Hybrid Cloud Blog


When you combine the last day of a conference with that same day being the ‘morning after’   that event’s main party, it could easily be cause for miss out on some great sessions.  Those who did attend the Tools and Best Practices for Management Pack (MP) Authoring session TMSDDon Friday morning at MMS 2008 were treated to a great demonstration by David Aiken who introduced the newly released Team System Management Model Designer (TSMMD).

TSMDD is a Power Tool for Visual Studio that allows architects to build heath models for .NET applications.  Through TSMDD, users can generate code to implement a health model through events and performance counters, use the tool to automatically validate the model, and then generate a fully operational MP – and all without having to see XML!! 

Once your MP is created you can then choose to import it directly into your Operations Manager 2007 deployment, or develop it further.  Some of the other features provided include:

  • A familiar graphical user interface.
  • Wizard-driven guidance to define the structure of a health model and the required instrumentation.
  • Discovery of existing instrumentation in an application.
  • Support for dependencies between components in an application.
  • Instrumentation modeling, ensuring that end users of the MP see instrumentation appropriate to the needs of the application.
  • And much more!

To learn more about this new Power Tool you can read about it on MSDN, download the Power Tool, as well as see it in action in David’s upcoming web seminar scheduled for 10am PT on May 15th.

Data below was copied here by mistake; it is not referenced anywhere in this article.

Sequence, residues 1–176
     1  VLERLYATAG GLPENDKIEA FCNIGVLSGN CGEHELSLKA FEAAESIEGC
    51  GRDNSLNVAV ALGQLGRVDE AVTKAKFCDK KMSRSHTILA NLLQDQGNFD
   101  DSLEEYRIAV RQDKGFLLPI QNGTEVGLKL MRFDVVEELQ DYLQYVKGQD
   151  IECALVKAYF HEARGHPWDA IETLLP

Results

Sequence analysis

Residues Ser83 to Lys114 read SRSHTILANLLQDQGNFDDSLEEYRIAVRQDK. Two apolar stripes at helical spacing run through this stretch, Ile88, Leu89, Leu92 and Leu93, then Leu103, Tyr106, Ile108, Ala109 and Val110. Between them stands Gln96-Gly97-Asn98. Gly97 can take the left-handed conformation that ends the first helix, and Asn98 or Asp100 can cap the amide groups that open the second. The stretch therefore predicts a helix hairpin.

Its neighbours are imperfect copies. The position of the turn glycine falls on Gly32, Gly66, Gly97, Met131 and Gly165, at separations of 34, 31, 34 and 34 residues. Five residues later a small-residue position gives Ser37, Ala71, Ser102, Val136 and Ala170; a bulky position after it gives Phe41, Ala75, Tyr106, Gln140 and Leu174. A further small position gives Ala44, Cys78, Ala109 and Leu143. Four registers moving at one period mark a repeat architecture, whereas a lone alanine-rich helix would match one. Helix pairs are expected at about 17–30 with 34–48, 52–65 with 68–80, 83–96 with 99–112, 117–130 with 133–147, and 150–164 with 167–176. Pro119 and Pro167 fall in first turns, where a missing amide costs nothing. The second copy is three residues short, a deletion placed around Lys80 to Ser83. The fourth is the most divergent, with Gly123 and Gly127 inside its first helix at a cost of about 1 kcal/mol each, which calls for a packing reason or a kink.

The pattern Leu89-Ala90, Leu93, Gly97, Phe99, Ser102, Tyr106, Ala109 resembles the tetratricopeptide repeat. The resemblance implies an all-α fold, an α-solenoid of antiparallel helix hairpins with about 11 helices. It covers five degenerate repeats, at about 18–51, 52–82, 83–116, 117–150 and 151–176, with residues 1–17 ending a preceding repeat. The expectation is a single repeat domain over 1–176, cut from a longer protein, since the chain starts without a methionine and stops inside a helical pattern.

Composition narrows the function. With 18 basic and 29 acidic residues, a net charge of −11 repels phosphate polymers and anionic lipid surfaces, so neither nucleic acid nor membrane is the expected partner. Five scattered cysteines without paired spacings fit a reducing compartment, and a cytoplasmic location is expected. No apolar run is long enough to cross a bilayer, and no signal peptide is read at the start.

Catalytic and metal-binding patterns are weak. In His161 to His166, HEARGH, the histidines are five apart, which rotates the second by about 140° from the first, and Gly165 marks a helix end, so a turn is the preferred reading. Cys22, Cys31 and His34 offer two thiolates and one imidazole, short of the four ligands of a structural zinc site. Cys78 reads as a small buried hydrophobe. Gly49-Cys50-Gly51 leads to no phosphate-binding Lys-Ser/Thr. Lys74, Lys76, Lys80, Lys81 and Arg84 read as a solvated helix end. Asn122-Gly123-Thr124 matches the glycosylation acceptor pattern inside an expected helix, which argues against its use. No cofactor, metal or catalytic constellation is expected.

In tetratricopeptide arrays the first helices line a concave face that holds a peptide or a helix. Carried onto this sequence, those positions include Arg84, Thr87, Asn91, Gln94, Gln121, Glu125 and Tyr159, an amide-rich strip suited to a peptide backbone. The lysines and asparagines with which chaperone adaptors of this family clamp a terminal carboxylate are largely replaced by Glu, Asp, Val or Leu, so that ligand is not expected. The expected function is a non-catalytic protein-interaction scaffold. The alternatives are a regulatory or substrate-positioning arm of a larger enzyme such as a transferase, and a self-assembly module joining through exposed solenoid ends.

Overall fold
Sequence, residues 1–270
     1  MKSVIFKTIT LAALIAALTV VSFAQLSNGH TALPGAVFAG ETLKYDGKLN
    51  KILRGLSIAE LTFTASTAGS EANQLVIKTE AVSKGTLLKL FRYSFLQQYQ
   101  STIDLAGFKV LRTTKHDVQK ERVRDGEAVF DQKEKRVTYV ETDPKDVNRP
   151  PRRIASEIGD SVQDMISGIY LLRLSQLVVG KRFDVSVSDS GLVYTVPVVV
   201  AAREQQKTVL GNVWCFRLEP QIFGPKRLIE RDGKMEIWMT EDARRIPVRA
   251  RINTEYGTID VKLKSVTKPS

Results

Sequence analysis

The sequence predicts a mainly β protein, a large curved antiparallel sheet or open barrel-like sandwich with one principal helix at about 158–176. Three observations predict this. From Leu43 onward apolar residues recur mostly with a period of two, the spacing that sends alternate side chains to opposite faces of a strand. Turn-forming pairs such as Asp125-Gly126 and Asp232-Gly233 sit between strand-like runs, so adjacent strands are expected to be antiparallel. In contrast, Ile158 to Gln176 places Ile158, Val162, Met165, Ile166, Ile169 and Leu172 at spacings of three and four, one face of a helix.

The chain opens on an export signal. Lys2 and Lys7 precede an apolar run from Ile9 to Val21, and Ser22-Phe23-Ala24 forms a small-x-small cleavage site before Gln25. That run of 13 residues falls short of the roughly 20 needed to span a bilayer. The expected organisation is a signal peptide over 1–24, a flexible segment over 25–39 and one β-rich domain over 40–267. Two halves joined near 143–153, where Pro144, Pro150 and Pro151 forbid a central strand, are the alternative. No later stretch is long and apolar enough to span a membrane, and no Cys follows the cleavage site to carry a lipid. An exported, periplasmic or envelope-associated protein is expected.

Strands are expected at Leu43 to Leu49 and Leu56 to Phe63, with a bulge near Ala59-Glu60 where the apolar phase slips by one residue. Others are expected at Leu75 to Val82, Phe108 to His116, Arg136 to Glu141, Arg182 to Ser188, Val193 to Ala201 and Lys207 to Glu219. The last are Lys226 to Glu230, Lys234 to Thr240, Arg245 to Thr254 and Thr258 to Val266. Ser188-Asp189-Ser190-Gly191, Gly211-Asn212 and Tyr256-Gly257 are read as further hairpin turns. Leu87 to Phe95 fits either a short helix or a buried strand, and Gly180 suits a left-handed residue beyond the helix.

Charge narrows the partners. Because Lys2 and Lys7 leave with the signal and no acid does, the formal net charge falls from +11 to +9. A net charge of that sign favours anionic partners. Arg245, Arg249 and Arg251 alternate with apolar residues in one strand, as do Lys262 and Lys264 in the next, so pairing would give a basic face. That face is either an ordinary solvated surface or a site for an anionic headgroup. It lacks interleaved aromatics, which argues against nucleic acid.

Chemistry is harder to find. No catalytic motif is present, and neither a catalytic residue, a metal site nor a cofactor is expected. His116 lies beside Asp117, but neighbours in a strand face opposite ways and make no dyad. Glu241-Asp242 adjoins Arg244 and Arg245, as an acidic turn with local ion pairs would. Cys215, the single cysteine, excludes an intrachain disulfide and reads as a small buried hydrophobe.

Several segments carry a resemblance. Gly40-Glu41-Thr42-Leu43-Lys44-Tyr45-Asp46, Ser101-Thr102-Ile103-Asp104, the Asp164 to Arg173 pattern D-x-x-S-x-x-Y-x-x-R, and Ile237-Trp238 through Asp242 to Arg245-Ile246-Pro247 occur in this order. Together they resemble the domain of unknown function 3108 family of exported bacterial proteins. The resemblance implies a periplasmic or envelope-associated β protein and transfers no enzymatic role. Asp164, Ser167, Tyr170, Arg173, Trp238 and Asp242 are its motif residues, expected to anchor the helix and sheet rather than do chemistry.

Authoring Console Another great authoring tool now available is the new System Center Operations Manager Authoring Console, which you can immediately download in either the 32-bit or 64-bit edition.  This powerful tool delivers true offline authoring capabilities, without the need to actually interact with any XML, allowing you to:

  • Create new MPs from scratch, or import existing MPs from your management groups.
  • Quickly develop service models (by creating classes, identifying relationships between those classes, and referencing MP objects in other MPs) and health models (including discoveries, monitors, rules and tasks).
  • Define views and console tasks, as well as create your own language packs.
  • Develop work flows for rules, tasks and monitor types with data source, condition detect, probe or write action module types.
  • Use monitor types to define a set of monitoring states, and the workflow for each state.
  • Use the Best Practice Analysis capability to verify your MP’s integrity.
  • Export MPs to your management groups from within the tool. 


By now I’m sure you are asking which one you should use.  As mentioned, TSMDD is ideally suited for quickly building health models for .NET applications – and I mean really quickly.  The Authoring Console provides a lot more ‘whistles and bells’ for MP development, allowing you to customize and optimize existing MPs, or create a fully functional MP in a much shorter timeframe than writing pure XML.  Ultimately I say give both a try and see which works for you.  They’re available for free download through the links indicated above – and you may find you end up using both!

As you try these out, also keep an eye out on TechNet where we’ll be posting more information, including webcasts, on how to use our new authoring solutions to optimal effect.

Happy authoring!

Sacha Dawes
Sr. Technical Product Manager
System Center